DIY 3 way project active or passive?

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I am looking for a bit of advice on a project that has taken far tooo long. Some of you may find the insight in to DIY speakers interesting if you are considering building your first pair. Someone here recently said that you will never stop tweaking them.....

I started this in 1996 :-) I also stopped moving forward on the project in 1996!

Anyway the basics:-

70 litre ported cabinet built from 25mm MDF with plenty of braces. All internally lined with 40mm thick sheeps wool carpet underlay.

Drive units:-

Dynaudio D260 Esotec tweeter http://www.gattiweb.com/images/dynaudio/esotec-d260_data.pdf

Dynaudio D76AF Mid http://www.gattiweb.com/images/dynaudio/d76af_data.pdf

Volt B250.8 Bass http://www.voltloudspeakers.co.uk/Loudspeakers/Studio_Range/B250_8/body_b250_8.html

The drive units were not cheap, starting with a nice flat frequency response surely makes the process of designing the cross-over & getting them to sound good much easier?

I modelled the drivers and started on cross-over using the old Visaton speaker designer software (unfortunately no longer available in english :-( )

The cabinets have been sat in the garage for 6 years and hence are looking tatty. The MDF has started to expand due to moisture. I decided to pull them out over the weekend and stick the drive units back in the cabinets to see how they sound and to check all drivers were still OK.


Ms Diceman is away working for a couple of weeks so I took the opportunity to fill the kitchen with a second system to test them with.


The shoes help to angle them up a bit toward the listening position ;-)

In order to orginally test they worked when I first built them I built a simple 6 dB/octave cross-over for the tweeter and mid which should cross-over around 4KHz and 650Hz. The bass driver never had a cross-over as I only ever used the passive cross-over to test them (for safety and to avoid blowing up the drivers!)


Once I tested they worked back in 1996 I quickly swapped over to running a car-audio based active cross-over driven by a wall-wart and 3 amplifiers in full active mode. I "borrowed" a calibrated sound level meter from work and purchased a signal generator to start trying to dial in the cross-over frequencies, relative sensitivities of the drivers and then play with port length. At the time Full computer based analysis software such MLSSA cost £600-£1200 (it was beyond my purchasing power back then - especially for a one off speaker project). Manually doing a freq sweep took about 2 hours per sweep in 3rd octave band so it was a very very timely procedure to tweak crossover settings and measure the effect.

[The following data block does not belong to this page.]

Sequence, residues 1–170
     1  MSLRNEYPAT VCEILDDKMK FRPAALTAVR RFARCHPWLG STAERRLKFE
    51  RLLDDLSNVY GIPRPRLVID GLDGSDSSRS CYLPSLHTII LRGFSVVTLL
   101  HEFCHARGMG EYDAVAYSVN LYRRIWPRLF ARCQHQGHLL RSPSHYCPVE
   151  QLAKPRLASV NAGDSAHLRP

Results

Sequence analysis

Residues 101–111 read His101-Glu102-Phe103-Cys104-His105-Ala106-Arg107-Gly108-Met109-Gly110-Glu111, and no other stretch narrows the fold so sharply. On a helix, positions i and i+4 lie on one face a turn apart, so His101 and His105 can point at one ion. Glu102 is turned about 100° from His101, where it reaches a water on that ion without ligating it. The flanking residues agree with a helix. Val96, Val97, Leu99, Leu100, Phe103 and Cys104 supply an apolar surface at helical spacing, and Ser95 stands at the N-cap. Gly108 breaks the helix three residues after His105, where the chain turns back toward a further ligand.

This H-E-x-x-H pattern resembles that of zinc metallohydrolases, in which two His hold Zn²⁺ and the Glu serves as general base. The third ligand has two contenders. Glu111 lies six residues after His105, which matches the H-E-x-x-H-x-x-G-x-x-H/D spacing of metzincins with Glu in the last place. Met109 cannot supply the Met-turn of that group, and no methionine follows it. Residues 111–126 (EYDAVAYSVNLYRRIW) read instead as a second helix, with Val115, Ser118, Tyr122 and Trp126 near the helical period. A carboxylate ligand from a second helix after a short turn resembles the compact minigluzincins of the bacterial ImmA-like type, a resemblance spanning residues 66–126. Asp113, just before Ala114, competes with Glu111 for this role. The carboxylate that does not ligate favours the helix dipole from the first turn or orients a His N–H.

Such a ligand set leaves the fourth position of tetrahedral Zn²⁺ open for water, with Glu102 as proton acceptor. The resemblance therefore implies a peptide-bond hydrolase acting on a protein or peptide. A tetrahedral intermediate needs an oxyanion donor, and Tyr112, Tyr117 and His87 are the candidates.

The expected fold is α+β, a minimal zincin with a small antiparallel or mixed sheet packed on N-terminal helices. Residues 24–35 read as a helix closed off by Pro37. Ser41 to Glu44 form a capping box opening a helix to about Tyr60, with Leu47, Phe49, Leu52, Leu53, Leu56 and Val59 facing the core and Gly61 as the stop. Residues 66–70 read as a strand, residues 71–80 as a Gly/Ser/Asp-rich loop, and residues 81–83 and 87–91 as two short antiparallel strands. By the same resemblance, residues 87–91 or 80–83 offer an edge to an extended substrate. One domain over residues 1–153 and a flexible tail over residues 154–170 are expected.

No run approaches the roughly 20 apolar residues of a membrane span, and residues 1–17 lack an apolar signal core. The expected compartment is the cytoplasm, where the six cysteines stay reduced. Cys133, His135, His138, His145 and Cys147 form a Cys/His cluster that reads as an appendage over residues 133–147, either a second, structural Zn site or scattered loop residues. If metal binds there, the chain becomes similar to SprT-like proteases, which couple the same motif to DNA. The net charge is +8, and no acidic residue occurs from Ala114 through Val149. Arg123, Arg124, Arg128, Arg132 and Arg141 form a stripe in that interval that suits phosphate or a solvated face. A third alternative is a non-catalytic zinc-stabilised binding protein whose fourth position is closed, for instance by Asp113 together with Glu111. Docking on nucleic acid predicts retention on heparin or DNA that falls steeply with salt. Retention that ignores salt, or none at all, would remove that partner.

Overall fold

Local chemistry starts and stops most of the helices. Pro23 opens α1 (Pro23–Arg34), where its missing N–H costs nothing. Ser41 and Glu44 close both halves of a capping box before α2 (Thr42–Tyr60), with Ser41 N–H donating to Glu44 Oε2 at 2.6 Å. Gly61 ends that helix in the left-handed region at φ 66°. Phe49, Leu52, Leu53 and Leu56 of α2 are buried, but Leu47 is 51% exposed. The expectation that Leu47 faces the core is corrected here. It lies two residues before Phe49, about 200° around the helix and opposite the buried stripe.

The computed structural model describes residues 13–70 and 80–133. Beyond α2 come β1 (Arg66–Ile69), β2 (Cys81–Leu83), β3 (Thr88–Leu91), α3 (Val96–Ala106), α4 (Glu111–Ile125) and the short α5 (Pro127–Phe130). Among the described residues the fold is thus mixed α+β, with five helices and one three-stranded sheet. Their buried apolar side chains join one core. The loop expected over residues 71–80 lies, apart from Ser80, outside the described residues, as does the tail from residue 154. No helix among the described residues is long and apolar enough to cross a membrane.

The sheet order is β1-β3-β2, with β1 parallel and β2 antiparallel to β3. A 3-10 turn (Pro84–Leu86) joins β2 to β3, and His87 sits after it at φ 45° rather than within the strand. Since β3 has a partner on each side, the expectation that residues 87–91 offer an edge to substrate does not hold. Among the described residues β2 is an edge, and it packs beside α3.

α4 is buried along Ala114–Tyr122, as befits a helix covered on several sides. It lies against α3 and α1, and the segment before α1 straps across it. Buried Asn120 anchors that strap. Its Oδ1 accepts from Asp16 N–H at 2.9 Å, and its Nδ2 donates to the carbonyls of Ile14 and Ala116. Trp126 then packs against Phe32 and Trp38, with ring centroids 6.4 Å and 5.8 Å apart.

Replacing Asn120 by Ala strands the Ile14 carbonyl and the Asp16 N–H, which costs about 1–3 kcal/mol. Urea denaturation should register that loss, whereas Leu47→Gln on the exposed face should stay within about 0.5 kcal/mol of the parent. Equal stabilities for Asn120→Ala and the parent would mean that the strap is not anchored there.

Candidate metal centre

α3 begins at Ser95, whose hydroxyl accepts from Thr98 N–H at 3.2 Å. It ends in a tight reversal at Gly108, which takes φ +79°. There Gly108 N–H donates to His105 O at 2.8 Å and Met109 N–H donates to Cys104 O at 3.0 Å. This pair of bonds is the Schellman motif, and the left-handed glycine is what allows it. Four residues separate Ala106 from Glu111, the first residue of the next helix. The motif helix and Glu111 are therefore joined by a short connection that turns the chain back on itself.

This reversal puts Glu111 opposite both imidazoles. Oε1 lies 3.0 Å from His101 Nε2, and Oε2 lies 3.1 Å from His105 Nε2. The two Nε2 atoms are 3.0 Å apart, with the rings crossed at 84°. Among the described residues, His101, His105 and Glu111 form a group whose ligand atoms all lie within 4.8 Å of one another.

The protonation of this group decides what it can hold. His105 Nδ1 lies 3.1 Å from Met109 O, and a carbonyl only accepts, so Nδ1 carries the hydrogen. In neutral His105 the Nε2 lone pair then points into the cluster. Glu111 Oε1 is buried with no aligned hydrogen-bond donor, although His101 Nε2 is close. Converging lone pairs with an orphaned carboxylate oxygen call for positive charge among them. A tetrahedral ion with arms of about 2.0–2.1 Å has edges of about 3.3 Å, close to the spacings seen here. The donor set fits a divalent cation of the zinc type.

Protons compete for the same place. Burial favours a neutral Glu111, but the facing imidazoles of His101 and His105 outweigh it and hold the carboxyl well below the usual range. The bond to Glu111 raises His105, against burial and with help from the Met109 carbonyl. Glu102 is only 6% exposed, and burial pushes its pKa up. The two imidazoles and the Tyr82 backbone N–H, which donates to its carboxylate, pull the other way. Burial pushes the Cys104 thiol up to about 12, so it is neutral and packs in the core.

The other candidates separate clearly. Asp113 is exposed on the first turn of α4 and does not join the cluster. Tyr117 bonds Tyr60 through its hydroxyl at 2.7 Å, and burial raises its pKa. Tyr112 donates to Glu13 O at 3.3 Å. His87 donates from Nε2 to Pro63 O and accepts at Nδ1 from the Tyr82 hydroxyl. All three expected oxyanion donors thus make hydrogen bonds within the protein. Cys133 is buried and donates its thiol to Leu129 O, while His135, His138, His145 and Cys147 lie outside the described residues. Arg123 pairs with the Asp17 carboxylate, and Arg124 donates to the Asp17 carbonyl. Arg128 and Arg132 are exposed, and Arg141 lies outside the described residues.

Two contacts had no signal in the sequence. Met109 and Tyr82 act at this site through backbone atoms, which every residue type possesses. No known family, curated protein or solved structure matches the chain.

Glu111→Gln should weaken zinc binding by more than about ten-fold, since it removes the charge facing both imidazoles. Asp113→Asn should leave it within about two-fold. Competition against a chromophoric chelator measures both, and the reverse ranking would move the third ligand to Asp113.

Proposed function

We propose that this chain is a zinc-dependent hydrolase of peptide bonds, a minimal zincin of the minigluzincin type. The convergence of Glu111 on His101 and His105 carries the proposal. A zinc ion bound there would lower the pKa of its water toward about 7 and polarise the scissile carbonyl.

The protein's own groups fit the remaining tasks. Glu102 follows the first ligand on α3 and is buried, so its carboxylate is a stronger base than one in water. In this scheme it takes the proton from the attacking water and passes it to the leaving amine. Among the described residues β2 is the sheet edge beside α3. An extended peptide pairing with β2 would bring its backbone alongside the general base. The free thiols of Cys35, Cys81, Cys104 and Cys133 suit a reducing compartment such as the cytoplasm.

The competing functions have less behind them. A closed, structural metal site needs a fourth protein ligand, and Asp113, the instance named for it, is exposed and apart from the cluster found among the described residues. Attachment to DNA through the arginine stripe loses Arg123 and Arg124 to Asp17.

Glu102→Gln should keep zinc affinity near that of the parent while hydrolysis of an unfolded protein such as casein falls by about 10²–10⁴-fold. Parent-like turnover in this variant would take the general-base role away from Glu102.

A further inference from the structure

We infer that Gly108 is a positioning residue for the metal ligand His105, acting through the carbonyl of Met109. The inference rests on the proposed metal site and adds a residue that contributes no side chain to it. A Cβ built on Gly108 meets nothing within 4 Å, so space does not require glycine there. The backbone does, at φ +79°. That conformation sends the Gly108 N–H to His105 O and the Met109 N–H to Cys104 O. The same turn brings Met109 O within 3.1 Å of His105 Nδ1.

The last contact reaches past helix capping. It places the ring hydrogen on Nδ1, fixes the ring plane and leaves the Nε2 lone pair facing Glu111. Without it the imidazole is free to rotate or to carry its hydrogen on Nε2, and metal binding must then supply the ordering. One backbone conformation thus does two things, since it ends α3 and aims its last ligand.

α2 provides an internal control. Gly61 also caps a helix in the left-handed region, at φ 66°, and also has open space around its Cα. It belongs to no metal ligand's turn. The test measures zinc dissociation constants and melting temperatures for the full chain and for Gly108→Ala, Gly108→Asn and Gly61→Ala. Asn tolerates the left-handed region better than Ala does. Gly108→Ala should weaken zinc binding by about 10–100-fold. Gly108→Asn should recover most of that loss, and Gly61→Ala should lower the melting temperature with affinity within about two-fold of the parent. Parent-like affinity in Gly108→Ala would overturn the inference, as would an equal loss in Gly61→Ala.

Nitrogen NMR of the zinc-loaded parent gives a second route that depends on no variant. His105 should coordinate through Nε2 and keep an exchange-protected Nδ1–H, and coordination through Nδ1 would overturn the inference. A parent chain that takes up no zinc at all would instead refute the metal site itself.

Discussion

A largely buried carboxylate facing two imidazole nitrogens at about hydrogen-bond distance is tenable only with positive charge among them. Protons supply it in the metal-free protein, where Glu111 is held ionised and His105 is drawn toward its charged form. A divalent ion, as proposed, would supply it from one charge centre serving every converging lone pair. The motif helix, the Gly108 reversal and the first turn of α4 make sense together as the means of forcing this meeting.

I never really reached the point of being happy with the car audio cross-over settings - it was limited to 12 dB/Octave which required the phase to be reversed at the cross-over points and I suspected the odd suck-out in upper bass was a result of this. Whatever I tried I just could not get rid of it.

I stuck with these speakers for 10 years in their unfinished format until partner and house limitations meant they were just not viable. (They can't have been that bad then!)

Anyway 15 odd years on ...... The plan is.

I picked up a Behringer active cross-over that is user configurable between different orders, frequencies etc and I believe also allows you to time align/phase shift/stick bumps in freq and wipes your bottom. Also available to me is the XTZ room analyser - this allows real time analysis so it should be much much quicker to make some progress. If they sound any good I will have to build some new boxes now though!

First phase is to pick up another couple of matching amps to my existing units and then get busy trying to get a smooth freq response with the active cross-over. Once this is done I have the choice of either building a fixed setup active cross-over or trying to replicate the cross-over setup with a passive unit to allow 1 amplifier. Option 3 is to split them up and sell the drivers and bin teh cabinets if I can't live with them. If they compare to Martin Logans and Apogees than they may well stay :-)

Progress has been to date to retrieve the old passive cross-overs and plug them in to 1 behringer a500 amp - (nice and cheap in case I blew it!) and the bass units are running from a WAD Wd88VA Kt88 based valve amp - without a cross-over at all. I have to say they are sounding really quite promising in this configuration. Obvious failings in freq response but clarity, resolution and airiness are all there. Imaging is much better than I remember but they are terrible at a precise image, move your head and the image moves (I suspect the sharp edges to cabs are causing diffraction).

Tomorrow I hope to stick up a plot from XTZ of the nearfield freq response with my Tomy "my first passive cross-over".

If anyone has any bright ideas or suggestions for cross-over settings/modelling software/speaker analysis software I am all ears.

Oh BTW - they will never be finished. :nuts: